more concrete terms than ecology or philosophy, religious studies is in a position to correct this habit of moralizing and top-down theorizing. But here again, the habit of focusing on abstract ideas, exemplified in Lynn White’s hugely influential indictment of Christian cosmology as the “root of our environmental crisis” (White 1967), has generally prevailed (Jenkins 2009). Religion and ecology has, in large part, been guided by the dual assumptions that religious traditions, as cosmologies or worldviews, are important to environmentalism primarily as moral frameworks and, consistent with this, that the idea of community implicit in Leopold’s thinking is the moral framework par excellence. Accordingly, leaders of the religion-and-ecology field see themselves as the intel-

lectual vanguard of a new movement that promotes a more inclusive and egalitarian Earth community, much as the civil rights movement of the mid-twentieth century promoted a more inclusive human community (e.g. Foltz 2003: 5-6; Tucker 2003: 9, 22-23; Kearns and Keller 2007: 12). The importance of this Earth community ideal

can hardly be overstated, as it guides and unites the most common themes of religion-and-ecology literature: the emphasis on holism and interconnectedness; the championing of eco-centrism over anthropocentrism; the preference for meta-ethical theories that affirm the intrinsic values of nature; and the idealization of ecosystems in their “natural” state – perceived as having the virtues of harmony, balance, diversity, and stability – as sources of moral inspiration. Insofar as these themes are united, there is reason to suspect that the religious cosmologies selected by religion-andecology scholars from diverse traditional sources are actually variants of a single communitarian cosmology, what one critic has dubbed the “religious environmentalist paradigm” (Kalland 2005). As the field of religion and ecology matures, however, a growing number of its

members are questioning this mainstream orientation and at least some of its premises. Most notably, Bron Taylor, a prominent historian of religious environmentalism and executive editor of the Encyclopedia of Religion and Nature, complains of the narrow focus on religious traditions privileged as “world traditions” and, within those traditions, on historically dominant forms at the expense of new, hybrid, and marginal varieties of religious environmentalism. Taylor also argues for the need to balance the activist fervor of what he calls the “confessional/ ethical” approach with the critical distance and attention to practice characteristic of more “historical/social scientific” approaches (Taylor 2005: 1379). In response, the religious ethicist Willis Jenkins suggests that scholars can advocate for religious environmentalism with greater sensitivity to its budding diversity by allowing environmental problems and social practices to drive the reform of religious cosmologies rather than vice versa (Jenkins 2009). And, pointing to a more practice-based approach to environmental ethics, philosopher Jim Cheney and his colleagues have explored the idea of an etiquette-based approach in which ethical principles emerge from direct, respectful interaction with other species (Cheney and Weston 1999; Peterson 2001). Meanwhile, a few scholars have begun to call for closer attention to evolutionary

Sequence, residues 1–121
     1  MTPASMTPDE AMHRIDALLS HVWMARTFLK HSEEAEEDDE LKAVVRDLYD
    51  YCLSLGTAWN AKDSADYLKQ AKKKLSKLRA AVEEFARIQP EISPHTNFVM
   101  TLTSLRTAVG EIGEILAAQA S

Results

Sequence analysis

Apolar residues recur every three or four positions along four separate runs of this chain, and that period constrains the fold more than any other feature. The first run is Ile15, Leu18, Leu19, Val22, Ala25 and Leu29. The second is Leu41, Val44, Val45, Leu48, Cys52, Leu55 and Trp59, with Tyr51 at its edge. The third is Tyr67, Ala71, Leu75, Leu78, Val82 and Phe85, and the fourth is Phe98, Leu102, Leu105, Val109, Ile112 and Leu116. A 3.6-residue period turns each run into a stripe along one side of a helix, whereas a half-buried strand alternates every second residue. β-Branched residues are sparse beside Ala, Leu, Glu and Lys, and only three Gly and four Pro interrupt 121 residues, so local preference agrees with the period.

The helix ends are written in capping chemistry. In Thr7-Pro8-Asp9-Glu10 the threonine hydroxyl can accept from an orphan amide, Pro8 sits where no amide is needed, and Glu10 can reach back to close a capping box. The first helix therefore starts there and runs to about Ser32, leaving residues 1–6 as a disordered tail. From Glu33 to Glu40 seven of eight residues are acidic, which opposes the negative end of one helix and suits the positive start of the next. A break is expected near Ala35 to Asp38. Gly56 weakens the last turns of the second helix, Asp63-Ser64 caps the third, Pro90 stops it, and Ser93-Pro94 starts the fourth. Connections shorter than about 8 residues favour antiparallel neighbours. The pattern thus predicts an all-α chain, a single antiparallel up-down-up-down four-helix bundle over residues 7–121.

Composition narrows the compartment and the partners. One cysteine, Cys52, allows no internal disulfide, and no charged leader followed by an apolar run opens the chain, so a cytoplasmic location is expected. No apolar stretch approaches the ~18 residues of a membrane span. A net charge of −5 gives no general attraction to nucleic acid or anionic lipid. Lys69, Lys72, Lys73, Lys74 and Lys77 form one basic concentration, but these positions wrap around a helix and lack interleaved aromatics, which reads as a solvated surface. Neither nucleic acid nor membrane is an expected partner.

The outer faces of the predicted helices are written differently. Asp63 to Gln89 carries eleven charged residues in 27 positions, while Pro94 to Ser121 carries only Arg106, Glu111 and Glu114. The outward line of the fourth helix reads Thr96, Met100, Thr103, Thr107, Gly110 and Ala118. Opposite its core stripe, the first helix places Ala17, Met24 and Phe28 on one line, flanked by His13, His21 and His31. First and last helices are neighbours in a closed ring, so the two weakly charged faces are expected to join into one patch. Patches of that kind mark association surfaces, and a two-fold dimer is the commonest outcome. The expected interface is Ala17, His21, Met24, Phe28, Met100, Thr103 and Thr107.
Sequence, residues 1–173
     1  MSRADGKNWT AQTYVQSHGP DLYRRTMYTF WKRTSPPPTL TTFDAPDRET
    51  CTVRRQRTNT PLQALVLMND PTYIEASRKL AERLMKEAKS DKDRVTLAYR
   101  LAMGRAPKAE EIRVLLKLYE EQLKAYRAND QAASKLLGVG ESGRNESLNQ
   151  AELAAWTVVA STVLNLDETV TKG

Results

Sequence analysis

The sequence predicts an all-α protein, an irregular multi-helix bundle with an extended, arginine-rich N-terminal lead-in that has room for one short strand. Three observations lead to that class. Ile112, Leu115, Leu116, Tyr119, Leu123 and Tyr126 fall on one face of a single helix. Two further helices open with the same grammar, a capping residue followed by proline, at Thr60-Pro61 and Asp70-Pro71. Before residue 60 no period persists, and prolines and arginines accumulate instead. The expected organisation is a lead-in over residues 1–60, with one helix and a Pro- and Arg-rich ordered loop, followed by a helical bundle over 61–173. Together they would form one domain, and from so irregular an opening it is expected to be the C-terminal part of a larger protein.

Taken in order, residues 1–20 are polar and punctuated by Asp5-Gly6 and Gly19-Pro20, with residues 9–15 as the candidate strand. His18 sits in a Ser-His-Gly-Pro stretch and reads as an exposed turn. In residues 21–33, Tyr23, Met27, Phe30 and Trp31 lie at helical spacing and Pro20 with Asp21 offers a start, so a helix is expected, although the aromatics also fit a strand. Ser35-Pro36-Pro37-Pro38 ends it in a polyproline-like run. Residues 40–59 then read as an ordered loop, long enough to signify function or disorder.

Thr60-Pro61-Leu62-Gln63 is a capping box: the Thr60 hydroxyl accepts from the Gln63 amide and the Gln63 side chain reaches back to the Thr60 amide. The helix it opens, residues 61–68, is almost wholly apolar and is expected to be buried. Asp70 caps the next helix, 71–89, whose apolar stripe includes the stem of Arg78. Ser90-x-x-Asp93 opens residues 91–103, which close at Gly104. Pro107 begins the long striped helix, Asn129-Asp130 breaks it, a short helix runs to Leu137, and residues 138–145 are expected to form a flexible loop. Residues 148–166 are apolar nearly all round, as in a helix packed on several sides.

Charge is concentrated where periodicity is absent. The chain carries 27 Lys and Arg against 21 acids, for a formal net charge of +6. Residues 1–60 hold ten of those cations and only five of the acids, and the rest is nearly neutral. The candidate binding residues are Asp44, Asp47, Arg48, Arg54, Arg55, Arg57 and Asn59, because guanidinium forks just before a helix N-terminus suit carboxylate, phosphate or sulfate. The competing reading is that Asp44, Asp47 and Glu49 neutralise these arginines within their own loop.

science and ecology (e.g. Sideris 2003, 2006; Lodge and Hamlin 2006; O’Brien 2007), and in particular to evidence from these sciences that the moral example presented by nature is ambiguous at best. In Environmental Ethics, Ecological Theology, and Natural Selection (2003), for example, Lisa H. Sideris exposes a widespread neglect of evolutionary science in the works of prominent Christian ecotheologians. Sideris argues that this neglect coincides with the promotion of “a model of nature as a harmonious, interconnected, and interdependent community” (Sideris 2003: 2), the very same communitarian ideal described above. However well intentioned, it seems that attachment to this ideal has reinforced “a persistent reluctance to accept the disequilibrium, moral ambiguity, and ineradicable suffering and death that natural selection entails” (ibid.: 5). Sideris’ critique raises the question of how the greening of religion might proceed

without the whitewashing of nature. Surely the attempt to forge healthier relationships with nature should not dispense with complexity for the sake of moral certainty. But then what kind of universal community can be modeled on a natural world in which an estimated 99.9 per cent of all species that have ever lived are now extinct?